I enjoy a lot of what is on this post and lean towards a smaller wing. I was in that line of thinking but the lds and one of the wing manufacures are steering me to a larger wing (60#). I am contemplating double 130 on a ss plate. 22 neg on tanks full, 8 lbs gear, 6 lbs plate only gets me 36 negative. Adding 26 lbs posative from the drysuit implies i am 10 neg and only need 10 lbs of extra lift to start. By the end of the dive i would shed 20lbs of air so i would need an extra 10 to start. That would still only imply I need 20 lbs of lift.
Do you agree with this math? Also if the suit fails I loose the 26 lift at the beginning or end of the dive when tanks are 22neg and 2 neg, respectively I would 36 neg and 16 neg, respectively. Seems like a smaller wing could swing that espc as one could ditch the 10 lbs of lead. what am I missing
I have doubled 130s. Here's my numbers (negative weight):
Double Tanks 130 ft[SUP]3[/SUP] tanks in salt : ~ -23.4 Ibs neg buoyancy (full) (- 11.7 lbs each see XS Scuba specs)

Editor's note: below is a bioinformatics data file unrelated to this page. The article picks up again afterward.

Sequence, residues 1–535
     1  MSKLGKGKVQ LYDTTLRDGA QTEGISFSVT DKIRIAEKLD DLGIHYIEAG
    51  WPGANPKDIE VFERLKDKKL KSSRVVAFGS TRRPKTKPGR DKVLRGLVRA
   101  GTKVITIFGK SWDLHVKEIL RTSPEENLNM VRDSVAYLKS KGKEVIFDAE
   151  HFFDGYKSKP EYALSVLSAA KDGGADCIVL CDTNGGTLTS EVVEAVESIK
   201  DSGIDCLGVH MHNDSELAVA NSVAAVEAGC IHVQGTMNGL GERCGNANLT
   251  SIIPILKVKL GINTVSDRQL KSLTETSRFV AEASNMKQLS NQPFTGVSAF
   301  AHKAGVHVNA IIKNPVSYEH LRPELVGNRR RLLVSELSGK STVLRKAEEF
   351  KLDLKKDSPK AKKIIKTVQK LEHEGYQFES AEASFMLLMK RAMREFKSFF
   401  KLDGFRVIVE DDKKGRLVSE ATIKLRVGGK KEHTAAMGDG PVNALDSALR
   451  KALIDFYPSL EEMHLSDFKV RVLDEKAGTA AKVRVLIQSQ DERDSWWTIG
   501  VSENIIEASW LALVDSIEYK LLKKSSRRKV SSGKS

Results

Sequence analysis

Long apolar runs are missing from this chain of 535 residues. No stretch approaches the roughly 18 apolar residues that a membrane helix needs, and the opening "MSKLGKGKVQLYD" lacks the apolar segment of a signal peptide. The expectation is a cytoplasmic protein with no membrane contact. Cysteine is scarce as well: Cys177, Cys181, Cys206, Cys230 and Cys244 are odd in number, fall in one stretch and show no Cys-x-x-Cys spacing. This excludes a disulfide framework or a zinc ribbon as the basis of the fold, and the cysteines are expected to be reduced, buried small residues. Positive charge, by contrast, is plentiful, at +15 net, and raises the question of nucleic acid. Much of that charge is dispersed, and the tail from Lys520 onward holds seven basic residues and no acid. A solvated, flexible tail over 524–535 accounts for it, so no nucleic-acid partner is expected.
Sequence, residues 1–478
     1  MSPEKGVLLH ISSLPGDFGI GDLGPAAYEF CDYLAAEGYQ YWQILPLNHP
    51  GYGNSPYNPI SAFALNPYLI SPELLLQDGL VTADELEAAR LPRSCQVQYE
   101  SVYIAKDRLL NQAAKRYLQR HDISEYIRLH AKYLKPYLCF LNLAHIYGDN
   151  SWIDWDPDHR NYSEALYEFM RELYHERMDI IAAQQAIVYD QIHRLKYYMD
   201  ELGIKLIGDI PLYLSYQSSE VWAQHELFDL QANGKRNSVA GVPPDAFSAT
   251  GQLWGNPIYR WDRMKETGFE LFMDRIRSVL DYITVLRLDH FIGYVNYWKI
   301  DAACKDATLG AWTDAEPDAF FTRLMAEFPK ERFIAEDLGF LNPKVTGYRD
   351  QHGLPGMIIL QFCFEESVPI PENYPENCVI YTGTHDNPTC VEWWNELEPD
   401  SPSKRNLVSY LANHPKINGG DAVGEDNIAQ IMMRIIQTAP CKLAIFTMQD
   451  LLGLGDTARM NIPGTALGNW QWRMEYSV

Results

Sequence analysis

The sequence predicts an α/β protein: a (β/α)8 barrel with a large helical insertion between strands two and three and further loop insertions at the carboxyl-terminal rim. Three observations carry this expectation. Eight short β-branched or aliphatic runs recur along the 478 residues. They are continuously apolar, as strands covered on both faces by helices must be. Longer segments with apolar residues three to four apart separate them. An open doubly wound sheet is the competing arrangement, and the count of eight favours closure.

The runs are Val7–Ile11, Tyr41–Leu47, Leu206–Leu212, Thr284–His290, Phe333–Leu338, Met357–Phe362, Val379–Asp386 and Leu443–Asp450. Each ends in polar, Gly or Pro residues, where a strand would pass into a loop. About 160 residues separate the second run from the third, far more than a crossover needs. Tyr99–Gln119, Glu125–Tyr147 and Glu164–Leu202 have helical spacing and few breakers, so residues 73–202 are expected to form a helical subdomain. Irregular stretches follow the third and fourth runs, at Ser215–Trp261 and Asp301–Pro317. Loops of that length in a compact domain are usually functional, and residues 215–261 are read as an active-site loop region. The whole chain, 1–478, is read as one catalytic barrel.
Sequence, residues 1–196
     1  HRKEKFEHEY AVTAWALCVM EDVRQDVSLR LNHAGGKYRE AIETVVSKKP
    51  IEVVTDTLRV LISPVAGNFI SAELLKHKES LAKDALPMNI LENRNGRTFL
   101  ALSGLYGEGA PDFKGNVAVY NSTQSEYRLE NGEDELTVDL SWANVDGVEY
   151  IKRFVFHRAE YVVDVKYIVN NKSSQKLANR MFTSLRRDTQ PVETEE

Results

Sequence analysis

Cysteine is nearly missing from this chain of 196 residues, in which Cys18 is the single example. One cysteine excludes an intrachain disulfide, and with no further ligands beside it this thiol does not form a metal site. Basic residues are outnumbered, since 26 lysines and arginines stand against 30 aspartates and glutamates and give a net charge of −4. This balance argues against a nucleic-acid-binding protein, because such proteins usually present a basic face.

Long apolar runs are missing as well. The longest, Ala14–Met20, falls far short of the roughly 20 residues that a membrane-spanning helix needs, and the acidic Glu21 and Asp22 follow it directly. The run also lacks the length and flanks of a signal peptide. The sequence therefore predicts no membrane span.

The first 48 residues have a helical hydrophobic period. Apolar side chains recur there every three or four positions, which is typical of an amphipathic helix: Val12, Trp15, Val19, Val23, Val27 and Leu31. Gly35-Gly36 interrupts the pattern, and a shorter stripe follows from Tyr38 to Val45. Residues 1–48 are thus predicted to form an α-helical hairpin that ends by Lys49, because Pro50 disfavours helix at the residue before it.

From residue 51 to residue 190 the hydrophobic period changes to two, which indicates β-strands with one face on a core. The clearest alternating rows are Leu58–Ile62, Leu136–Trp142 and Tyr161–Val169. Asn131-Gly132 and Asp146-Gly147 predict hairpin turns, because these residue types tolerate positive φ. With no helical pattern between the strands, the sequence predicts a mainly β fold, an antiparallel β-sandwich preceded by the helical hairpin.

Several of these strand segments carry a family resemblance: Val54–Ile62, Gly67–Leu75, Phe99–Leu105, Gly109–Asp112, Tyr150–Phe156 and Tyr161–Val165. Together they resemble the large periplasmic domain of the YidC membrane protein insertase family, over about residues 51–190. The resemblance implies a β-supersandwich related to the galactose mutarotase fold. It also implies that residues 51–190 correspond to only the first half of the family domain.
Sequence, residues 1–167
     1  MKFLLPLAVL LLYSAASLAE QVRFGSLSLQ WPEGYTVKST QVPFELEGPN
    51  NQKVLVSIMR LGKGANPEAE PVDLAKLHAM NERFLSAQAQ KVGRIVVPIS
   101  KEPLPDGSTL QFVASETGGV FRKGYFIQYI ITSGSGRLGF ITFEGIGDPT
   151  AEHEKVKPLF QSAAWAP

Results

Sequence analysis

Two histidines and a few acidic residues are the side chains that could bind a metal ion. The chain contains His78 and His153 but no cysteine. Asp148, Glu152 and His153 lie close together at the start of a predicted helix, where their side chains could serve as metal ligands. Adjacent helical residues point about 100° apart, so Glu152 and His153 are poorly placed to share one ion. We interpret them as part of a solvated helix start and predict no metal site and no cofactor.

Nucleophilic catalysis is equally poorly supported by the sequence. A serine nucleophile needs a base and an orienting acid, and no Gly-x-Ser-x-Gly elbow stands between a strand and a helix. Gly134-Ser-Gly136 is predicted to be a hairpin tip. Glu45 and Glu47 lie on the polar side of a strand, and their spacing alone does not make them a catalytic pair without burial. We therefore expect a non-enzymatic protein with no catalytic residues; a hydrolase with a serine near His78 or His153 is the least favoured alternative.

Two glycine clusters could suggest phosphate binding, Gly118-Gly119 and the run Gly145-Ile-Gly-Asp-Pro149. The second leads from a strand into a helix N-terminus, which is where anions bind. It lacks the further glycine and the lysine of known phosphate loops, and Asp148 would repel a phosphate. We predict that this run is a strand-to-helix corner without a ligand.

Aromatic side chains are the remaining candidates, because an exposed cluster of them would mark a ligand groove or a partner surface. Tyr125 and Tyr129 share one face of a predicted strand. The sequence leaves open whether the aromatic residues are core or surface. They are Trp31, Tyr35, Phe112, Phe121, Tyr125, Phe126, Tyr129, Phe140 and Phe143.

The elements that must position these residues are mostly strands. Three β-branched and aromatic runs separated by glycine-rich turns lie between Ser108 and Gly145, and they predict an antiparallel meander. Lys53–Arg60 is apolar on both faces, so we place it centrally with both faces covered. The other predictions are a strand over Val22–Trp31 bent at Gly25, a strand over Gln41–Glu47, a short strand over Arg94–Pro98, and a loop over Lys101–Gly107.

+ must factor in tank bands & manifold (4 Ibs?)
Dual regs (3-4)
SS Backplate (6),
Canister light & backups (2)
Reels & spools (3) (Cf. Tobin's numbers)
= ~42 Ibs lift needed. I'm purposely leaving out the positive buoyancy of a drysuit or wetsuit. So about a 40# wing is the bear minimum.
And seeing if this measures up to real life... I'll quote lamont discussing wings (Post):
This is about as low as a person normally would have for a wing. Though commonly we will use ~55# for doubled tanks with the weight of the Worthington HP 130s/LP 108s, because commonly stages are added into the equation later on.Actually, I've been using the 40# evolve with the double-130s lately since its just been with nitrox with no stages or anything else.